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Daniel Toberman EDT 432 Field Lesson One: 1.

Chicago Bulls Inquiry Activity: Where Are the Chicago Bulls 2. Purpose of Lesson: Practice identifying volcanic landforms formed by magma or lava and ash. Recognizing the similarities and differences between landforms sculpted by different geologic processes. 3. The standards that this lesson reflected on the national level were: a. Science as inquiry i. Understanding about scientific inquiry b. Earth and space science i. Structure of the earth system c. Science in personal and social perspectives i. Natural Hazards risks and benefits d. Nature of Science i. Science as a human endeavor 4. This lesson started with an engaging video of the Chicago bulls entrance animation. After this animation was completed a question was posed. The Chicago Bulls were hiding from the Miami heat and students needed to use their knowledge of Derrick Rose to help find him. 5. Procedures Methods-students used pictures and videos included in the video presentation to figure out where the Chicago Bulls were hiding.

Students were given and handout in which they have to record detailed observations and then make a hypothesis according to their observations as to which volcanic landform they were viewing.

Students worked in predetermined groups while making observations for each landform that was viewed in the presentation.

Derrick Rose served as the spokesperson giving hints and input as to where the bulls were hiding.

Dialogue between the instructor and Derrick Rose was utilized to keep the students engaged throughout the lesson.

The presentation culminated with the last destination being identified and Derrick Rose saying he was indeed in Alaska with the Chicago Bulls.

Areas being identified: o Old Faithful: Yellowstone National Park o Hot Springs: Yellowstone National Park o Shield Volcano: Mauna Loa, Hawaii o Cinder Cone Volcano: Mt. Paricutan, Mexico o Composite Volcano: Mt. St. Helens o Lava Plateau: Colombia Plateau (Washington, Oregon, Idaho) o Sill: Palisades Sill, New York o Composite Volcano: Mt. Cleveland, Alaska

6. The lesson ended with Derrick Rose and the Chicago Bulls being found in Alaska. A video presentation thanking Bulls fans was played at the end of this lesson.

7. A. I selected this concept to teach because it reflected the identification concepts students would need to know to succeed on the test. The methods I chose were used because throughout the first week of observation I saw a lack of engagement with students during the prior lessons. During the first week of instruction while I was mostly observing and not teaching I asked students what they were interested in. A large majority of the students were Derrick Rose basketball fans. So I created a lesson that catered to student interest while also delivering the necessary content to the students. B. The class was previously studying plate tectonics. Volcanism is an extremely rich area to teach in because it is an active and observable scientific phenomenon. Before, students were reading one section from a textbook each class and sleeping. Instruction was based around assessment cycles. Short cycle assessments were usually given after each unit of study and allotments of time per each unit were determined by the district. There was no inquiry base to learning previously and student learning was rarely truly evaluated for improvement due to poor performance on testing and dated poorly constructed assessments. C. This lesson was successful in terms of engagement. I had 25 minutes to teach the lesson which was ample. The first class of the day yielded good results but not excellent results after reviewing student handouts. Observations were not as detailed as I had hoped. For the remainder of the day I was clearer with my expectations for detailed observations on the handout and student work was improved. I collected exit slips from one class to evaluate their interest in what was taught and what could have been improved claiming they were evaluating me for my schooling. What I found was students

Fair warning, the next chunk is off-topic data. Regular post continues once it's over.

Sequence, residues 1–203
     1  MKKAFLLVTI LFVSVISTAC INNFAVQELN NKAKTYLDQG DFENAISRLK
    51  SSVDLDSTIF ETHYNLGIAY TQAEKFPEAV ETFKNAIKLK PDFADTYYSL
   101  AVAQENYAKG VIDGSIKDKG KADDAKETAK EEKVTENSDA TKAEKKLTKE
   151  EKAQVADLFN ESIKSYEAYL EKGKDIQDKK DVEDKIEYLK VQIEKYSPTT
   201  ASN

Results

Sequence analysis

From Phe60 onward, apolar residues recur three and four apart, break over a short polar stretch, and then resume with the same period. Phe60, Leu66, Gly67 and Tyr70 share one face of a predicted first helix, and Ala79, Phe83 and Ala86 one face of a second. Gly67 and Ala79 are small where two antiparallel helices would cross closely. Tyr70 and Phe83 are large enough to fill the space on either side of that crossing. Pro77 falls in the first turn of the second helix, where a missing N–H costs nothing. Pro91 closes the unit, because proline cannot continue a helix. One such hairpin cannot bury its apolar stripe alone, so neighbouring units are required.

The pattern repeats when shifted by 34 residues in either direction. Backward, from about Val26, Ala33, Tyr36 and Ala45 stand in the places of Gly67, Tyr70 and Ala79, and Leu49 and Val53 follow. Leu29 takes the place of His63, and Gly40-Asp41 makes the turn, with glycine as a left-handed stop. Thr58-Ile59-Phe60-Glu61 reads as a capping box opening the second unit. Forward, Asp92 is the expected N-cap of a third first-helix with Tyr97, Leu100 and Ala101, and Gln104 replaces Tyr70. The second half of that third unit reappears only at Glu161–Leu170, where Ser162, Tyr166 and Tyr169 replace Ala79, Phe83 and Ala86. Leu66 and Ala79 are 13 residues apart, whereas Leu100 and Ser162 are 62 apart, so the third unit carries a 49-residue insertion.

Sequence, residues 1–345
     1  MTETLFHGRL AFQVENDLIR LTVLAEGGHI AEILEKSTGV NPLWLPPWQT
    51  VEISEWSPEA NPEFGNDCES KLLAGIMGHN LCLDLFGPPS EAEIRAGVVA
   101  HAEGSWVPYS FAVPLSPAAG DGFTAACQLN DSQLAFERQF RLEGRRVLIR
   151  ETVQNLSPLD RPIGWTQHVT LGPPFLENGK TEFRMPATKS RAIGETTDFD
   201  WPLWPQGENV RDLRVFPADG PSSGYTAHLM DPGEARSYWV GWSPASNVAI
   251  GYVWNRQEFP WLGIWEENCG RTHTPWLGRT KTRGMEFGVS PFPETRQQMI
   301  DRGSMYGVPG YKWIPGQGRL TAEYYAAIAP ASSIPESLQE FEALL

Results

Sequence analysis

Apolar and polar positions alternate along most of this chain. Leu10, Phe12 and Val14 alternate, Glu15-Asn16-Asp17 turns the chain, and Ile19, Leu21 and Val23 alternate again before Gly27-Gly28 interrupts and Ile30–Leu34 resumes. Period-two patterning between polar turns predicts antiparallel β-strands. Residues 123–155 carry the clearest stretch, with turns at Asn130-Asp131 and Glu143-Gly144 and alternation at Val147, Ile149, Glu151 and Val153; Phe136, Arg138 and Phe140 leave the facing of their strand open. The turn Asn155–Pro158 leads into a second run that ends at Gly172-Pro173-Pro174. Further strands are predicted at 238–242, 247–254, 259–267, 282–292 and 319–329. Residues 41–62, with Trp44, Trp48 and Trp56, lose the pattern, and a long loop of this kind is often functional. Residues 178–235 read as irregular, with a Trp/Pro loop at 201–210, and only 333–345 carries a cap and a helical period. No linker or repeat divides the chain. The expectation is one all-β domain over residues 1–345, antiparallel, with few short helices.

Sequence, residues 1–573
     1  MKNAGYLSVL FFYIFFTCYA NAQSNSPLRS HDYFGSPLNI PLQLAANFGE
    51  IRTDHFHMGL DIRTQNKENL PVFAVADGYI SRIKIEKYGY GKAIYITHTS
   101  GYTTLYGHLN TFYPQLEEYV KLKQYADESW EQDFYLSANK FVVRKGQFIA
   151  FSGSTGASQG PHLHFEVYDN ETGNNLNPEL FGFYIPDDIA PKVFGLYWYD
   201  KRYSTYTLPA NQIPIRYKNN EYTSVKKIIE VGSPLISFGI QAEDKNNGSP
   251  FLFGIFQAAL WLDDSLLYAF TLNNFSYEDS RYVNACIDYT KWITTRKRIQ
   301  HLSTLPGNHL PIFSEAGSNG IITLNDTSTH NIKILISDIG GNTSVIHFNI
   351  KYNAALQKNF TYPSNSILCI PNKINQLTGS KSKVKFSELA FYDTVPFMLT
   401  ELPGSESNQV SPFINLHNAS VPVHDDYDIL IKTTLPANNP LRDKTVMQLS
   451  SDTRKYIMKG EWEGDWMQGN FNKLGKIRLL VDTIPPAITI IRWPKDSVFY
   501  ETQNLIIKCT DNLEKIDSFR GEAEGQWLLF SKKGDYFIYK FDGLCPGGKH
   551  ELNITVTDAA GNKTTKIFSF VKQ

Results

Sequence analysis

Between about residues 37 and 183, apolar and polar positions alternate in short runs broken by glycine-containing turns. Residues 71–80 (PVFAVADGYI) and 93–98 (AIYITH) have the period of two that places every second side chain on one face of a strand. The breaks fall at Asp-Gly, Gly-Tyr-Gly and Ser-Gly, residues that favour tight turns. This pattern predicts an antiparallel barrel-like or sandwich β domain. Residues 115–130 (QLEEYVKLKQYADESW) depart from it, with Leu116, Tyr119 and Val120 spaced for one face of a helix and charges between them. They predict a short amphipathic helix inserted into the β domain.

thoroughly enjoyed this lesson and thought it was interesting to see real life video examples of things they only got to read about. D. I had three goals for my instructional time: 1. Have no students sleeping 2. Have the students engaged and respectful 3. Have the students enjoy their class and look forward to the next one. In a previous lesson to this one I assisted a student with viscosity, this student usually wasnt attentive or engaged in class according to teacher I was shadowing. I related viscosity to Drake and said if Drake has a low flow what kind of viscosity would he have? The students were shocked due to my claim about Drakes flow, but they all then remembered the concept of viscosity. The next class this student brought me a printed picture of Drake which read, Mr. Toberman hates on Drake because he likes Journey.

My favorite student who did exceptionally well all week was a low performing student who was usually extremely disruptive in class. Instead of punishing him for being disruptive I made him my personal aid for most of this lesson. This gave him ownership of what was going on in class but also truly increased his accountability for his work. Since I was kind to him he didnt want to let me down and did outstanding work in his individualized activity.